What You Need to Know About the CFPB

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Mulvaney Freezes Regulatory Actions at CFPB

The U.S. Consumer Financial Protection Bureau, a partisan fault line since its inception, now has a legal battle on its hands. The agency’s just-departed director, Richard Cordray, tapped a deputy to succeed him on an acting basis. President Donald Trump, who’s made clear his distaste for the bureau, named his budget director, Mick Mulvaney, to the interim job. Two heads may sometimes be better than one, but it’s a recipe for confusion when it comes to who’s calling the shots atop a government agency.

1. What is the Consumer Financial Protection Bureau?

Created by the 2010 Dodd-Frank financial reform law, the bureau says it "makes sure banks, lenders and other financial companies treat you fairly." Its jurisdiction covers a wide variety of financial services marketed to everyday Americans, including mortgages, credit cards, student loans and payday loans. The bureau has more than 1,600 employees, an operating budget of almost $770 million, and offices in Washington, New York, Chicago and San Francisco.

2. Why is the bureau controversial?

Republican lawmakers and the financial industry say its scope is too broad and its powers too strong, maybe unconstitutionally so. As an independent agency within another independent agency, the Federal Reserve, the CFPB has an unusual (though not unique) level of autonomy from executive and legislative oversight. Congress doesn’t control the agency’s budget -- there’s a fund within the Fed for that -- and the president can’t remove the agency’s director without cause. In October 2016, a federal appeals court ruled the bureau is “unconstitutionally structured” because the autonomy vested in the director marks a “gross departure from settled historical practice.” That case hasn’t been resolved.

3. Why was it given such autonomy in the first place?

It must sit outside the normal budget process so that it can “stand up to the most rich and powerful," a representative of President Barack Obama’s administration told a U.S. House of Representatives subcommittee at a 2011 hearing. That representative was Elizabeth Warren, then a Harvard University professor assisting the Obama administration in setting up the bureau. Warren is now a U.S. senator from Massachusetts and one of the bureau’s most ardent defenders.

4. What’s the fight about?

Cordray’s five-year term was due to run until July 2018 -- at which point, it was long assumed, Trump would appoint someone with a much narrower view of the bureau’s mission. But Cordray announced on Nov. 15 that he was resigning early; his last day was Nov. 24. The fight is over who runs the bureau until Trump nominates, and the Senate confirms, a permanent successor -- a process that could take months. Cordray named his chief of staff, Leandra English, to take over as acting director. But Trump named Mulvaney, who in the past has attacked the agency as “sick,” “sad” and the “very worst kind of a government entity.”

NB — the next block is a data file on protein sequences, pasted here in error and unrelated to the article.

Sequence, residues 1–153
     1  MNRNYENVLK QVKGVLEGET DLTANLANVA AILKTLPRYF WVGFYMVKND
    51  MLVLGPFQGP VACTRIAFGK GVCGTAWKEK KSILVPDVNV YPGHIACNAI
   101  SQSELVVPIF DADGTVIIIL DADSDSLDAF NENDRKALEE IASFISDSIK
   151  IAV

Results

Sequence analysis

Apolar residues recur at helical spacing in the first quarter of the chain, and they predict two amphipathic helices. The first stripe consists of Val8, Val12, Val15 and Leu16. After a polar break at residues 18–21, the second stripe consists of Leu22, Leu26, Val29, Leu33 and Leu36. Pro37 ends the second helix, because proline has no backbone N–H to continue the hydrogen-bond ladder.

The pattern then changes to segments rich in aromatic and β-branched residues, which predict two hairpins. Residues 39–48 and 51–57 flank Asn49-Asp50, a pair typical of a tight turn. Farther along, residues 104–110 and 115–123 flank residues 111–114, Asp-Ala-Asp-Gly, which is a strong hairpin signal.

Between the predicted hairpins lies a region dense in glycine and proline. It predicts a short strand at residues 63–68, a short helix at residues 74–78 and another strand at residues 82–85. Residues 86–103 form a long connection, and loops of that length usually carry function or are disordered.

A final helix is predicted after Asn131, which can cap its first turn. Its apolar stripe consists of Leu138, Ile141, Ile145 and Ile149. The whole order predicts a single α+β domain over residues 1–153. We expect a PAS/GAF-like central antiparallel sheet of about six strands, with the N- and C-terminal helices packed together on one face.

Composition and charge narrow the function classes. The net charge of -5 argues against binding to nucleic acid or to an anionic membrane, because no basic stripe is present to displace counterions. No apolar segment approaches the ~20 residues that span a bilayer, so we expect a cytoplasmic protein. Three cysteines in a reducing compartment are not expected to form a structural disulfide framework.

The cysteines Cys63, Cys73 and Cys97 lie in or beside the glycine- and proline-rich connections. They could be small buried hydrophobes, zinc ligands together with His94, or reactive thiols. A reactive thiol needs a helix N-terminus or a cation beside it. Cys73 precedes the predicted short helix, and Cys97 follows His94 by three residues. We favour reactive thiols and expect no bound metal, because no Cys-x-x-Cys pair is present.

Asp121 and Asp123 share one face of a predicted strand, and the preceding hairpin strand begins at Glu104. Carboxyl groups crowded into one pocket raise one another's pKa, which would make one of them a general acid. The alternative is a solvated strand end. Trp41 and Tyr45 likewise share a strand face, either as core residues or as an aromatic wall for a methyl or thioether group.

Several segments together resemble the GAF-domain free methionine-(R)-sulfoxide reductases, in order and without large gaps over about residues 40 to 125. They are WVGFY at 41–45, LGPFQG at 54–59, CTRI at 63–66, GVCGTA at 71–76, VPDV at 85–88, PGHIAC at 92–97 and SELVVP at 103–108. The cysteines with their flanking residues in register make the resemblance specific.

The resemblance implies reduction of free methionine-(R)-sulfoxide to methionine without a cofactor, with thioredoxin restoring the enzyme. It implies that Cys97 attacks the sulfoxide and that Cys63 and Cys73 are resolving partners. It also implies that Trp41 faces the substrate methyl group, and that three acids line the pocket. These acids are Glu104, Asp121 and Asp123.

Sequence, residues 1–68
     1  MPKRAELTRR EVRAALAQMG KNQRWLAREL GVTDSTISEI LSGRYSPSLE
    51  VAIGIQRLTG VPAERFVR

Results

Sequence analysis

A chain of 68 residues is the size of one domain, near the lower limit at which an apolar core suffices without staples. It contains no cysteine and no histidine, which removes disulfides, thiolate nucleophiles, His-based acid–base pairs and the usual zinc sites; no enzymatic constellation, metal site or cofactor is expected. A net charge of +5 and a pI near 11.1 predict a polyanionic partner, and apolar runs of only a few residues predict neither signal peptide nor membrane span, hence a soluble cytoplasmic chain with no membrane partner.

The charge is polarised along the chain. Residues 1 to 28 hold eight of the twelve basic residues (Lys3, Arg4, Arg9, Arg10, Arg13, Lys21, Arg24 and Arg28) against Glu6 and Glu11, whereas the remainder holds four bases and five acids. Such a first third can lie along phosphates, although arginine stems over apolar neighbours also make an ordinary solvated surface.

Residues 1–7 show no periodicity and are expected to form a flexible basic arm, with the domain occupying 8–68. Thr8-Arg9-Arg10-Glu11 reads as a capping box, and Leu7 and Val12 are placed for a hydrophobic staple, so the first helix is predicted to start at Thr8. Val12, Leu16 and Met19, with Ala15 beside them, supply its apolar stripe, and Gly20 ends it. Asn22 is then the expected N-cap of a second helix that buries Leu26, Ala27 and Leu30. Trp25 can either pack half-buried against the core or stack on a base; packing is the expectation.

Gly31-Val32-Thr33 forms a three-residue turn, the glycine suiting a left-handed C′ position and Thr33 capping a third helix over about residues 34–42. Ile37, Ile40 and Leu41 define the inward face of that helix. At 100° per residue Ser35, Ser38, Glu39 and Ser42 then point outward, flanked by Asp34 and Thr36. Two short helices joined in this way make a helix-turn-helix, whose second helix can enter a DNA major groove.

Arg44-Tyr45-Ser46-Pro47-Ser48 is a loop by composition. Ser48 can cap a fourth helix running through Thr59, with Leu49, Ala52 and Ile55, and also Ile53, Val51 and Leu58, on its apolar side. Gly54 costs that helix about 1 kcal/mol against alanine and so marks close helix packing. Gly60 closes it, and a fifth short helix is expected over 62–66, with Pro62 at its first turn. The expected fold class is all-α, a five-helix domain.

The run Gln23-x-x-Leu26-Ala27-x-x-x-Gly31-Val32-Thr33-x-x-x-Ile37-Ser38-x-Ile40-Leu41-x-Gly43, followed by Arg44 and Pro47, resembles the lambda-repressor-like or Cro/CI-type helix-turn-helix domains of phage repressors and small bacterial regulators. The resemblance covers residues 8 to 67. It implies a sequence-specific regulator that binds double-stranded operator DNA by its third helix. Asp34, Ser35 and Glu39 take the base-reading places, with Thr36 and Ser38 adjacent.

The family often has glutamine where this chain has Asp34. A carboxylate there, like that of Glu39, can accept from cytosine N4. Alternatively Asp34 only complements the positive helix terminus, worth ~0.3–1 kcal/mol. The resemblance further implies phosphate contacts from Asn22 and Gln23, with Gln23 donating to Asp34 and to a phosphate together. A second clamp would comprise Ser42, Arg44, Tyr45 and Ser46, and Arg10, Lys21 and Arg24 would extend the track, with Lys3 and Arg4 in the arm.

5. Aren’t rules of succession spelled out in law?

Problem is, there are two laws. The Dodd-Frank Act states that the bureau’s deputy director is in charge “in the absence or unavailability” of the director. Cordray, while announcing his resignation, promoted English to the post of deputy director, which had been vacant for months. On the other hand, a federal law on vacancies allows the president to name a temporary head of an agency when the director resigns. On Sunday, English asked a federal judge in Washington to declare her as acting director and to block Mulvaney from taking charge.

6. Does Trump want to shut the bureau down?

That’s what some Republicans in Congress have advocated, but Trump hasn’t gone that far. On Twitter, he said the bureau "has been a total disaster" and its actions have left financial institutions "devastated and unable to properly serve the public." He vowed to bring the bureau "back to life" but didn’t elaborate.

7. What has the bureau done so far?

It says its enforcement actions have provided $11.9 billion in relief to consumers. That includes a $100 million fine against Wells Fargo & Co. to settle claims over opening accounts without customer approval; a $40 million fine against debt-relief company Morgan Drexen over allegedly deceptive fees; and a $28.8 million settlement with Citigroup Inc. over how it handled borrowers facing foreclosure. The agency also established a database to track consumer complaints about financial products. As a rule-maker, it’s worked to enact more restrictions on payday loans and improve banks’ disclosures about prepaid cards. Its rule making it easier for consumers to sue their banks was overturned by Republicans in Congress.

8. Wouldn’t those cases have been brought anyway?

Some, perhaps, but probably not all. Under Dodd-Frank, the newly created agency was given authority to enforce dozens of consumer financial-protection rules and orders that had previously been divided among seven different agencies, some of which had been accused of being too cozy with the financial industry while paying too little attention to consumers. With its broader scope, the CFPB is free to explore corners of the financial system that don’t normally draw government scrutiny.

The Reference Shelf

  • A QuickTake explainer of the Volcker rule, another widely disliked part of Dodd-Frank.
  • The CFPB’s website says, “Standing up for you.”
  • The October 2016 ruling that said the CFPB is unconstitutionally structured.
  • A look back at Cordray’s first day.
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